Crime is not only a dominant political issue in New York. It also resonates more broadly with American voters worried over increased lawlessness and unrest. Indeed, crime is already shaping up to be a wedge issue as Republicans vie to win control of the US Congress this November.

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Hard Numbers: South China Sea jet search, US economy surges, Cuban protesters charged, Africa gets vaxxed

FILE PHOTO of a F-35C Lightning II, assigned to the Argonauts of Strike Fighter Squadron (VFA) 147, launches off the flight deck of Nimitz-class aircraft carrier USS Carl Vinson (CVN-70) on Jan. 14, 2022.

U.S Navy/EYEPRESS

100 million: The US Navy is scrambling to find a $100 million F-35 stealth fighter jet that crashed and sank soon after taking off on Monday from an aircraft carrier in the South China Sea. One expert described the Cold War-ish race to locate the remains — stocked with classified equipment — before the Chinese do as "basically The Hunt For Red October meets The Abyss."

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The logo of the Nord Stream 2 gas pipeline project is seen on a pipe at the Chelyabinsk pipe rolling plant in Chelyabinsk, Russia, February 26, 2020.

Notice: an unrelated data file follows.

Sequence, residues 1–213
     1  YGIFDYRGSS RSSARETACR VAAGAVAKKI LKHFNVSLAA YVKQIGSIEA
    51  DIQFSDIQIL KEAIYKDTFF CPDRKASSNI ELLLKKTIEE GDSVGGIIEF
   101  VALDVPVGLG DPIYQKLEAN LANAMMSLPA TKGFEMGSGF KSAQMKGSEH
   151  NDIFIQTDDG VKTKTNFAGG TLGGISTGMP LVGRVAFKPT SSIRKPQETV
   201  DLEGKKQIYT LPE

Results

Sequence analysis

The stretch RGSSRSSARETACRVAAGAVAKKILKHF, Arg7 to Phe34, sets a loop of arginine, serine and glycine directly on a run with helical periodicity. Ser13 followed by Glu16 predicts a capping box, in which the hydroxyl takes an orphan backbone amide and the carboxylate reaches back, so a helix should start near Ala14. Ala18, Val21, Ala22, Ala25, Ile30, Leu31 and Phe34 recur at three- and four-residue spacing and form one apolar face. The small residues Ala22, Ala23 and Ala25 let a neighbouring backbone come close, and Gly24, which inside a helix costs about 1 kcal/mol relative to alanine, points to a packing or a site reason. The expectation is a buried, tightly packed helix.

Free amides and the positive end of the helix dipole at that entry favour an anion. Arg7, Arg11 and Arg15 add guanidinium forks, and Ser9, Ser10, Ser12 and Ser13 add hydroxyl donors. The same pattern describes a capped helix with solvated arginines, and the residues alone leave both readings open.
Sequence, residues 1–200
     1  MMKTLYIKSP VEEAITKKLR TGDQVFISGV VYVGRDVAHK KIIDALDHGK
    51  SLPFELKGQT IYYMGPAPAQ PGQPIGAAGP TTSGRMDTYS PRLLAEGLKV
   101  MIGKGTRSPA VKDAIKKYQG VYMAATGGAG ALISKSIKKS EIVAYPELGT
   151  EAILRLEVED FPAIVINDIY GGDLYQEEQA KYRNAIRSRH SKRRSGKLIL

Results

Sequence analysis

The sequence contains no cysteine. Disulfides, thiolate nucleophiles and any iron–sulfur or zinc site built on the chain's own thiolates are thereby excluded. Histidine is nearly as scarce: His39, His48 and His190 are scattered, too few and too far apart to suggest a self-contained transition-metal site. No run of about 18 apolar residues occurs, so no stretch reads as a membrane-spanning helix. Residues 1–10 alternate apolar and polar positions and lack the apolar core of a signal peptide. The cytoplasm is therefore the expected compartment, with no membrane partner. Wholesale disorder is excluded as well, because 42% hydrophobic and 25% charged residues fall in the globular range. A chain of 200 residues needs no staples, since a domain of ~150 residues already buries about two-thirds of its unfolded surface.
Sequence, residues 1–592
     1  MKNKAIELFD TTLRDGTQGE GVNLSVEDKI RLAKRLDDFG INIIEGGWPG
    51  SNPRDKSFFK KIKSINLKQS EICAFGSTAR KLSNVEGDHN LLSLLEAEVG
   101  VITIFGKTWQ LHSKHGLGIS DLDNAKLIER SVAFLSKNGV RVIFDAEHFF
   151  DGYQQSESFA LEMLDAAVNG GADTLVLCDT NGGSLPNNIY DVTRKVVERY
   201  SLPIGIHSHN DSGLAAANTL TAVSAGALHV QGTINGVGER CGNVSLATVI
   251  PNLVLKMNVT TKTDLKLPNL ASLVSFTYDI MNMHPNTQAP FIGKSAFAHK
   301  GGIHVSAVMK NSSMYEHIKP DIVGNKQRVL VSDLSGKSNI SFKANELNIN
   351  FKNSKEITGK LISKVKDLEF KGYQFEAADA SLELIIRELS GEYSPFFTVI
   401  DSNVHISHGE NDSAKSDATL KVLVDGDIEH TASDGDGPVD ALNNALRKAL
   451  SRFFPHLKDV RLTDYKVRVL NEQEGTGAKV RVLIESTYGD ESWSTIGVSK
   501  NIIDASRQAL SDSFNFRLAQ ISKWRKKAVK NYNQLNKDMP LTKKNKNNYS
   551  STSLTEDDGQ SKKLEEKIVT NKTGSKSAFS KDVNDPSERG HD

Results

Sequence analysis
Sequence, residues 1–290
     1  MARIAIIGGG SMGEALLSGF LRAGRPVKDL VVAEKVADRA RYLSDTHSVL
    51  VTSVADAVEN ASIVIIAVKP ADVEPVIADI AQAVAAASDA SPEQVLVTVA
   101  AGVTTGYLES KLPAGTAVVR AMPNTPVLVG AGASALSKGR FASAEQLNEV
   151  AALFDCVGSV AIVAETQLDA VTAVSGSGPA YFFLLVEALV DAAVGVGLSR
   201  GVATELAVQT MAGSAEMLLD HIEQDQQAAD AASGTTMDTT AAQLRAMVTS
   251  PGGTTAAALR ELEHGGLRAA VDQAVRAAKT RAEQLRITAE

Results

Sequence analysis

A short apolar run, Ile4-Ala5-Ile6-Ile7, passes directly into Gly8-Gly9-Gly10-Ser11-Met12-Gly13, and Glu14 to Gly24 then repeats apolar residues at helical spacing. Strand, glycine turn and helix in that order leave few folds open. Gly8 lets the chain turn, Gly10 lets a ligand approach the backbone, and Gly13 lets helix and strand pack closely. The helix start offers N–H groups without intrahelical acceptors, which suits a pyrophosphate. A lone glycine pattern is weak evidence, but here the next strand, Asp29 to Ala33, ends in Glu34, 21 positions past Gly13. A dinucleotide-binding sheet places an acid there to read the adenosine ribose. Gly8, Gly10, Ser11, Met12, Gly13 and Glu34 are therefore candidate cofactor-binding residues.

Nord Stream 2 used as a bargaining chip with Russia. The US now says that if Russia invades Ukraine, it’ll block the Nord Stream 2 pipeline, which is set to transfer even more natural gas from Russia to Germany under the Baltic Sea. This is a big deal, considering that Germany – thirsty for more Russian gas – has long been pushing for the pipeline to start operating despite ongoing objections from Washington. The $11 billion energy project, which would double Russian gas exports to Germany, is seen as (a big) part of the reason why Berlin is reluctant to push back hard against the Kremlin over its troop buildup at the Ukrainian border. Still, German officials admit Nord Stream 2 could face sanctions if the Russians invade, suggesting that the Americans’ threat was likely coordinated with Berlin in advance. This comes amid ongoing diplomatic attempts to de-escalate the Ukraine crisis, with US President Joe Biden and German Chancellor Olaf Scholz set to meet at the White House on February 7.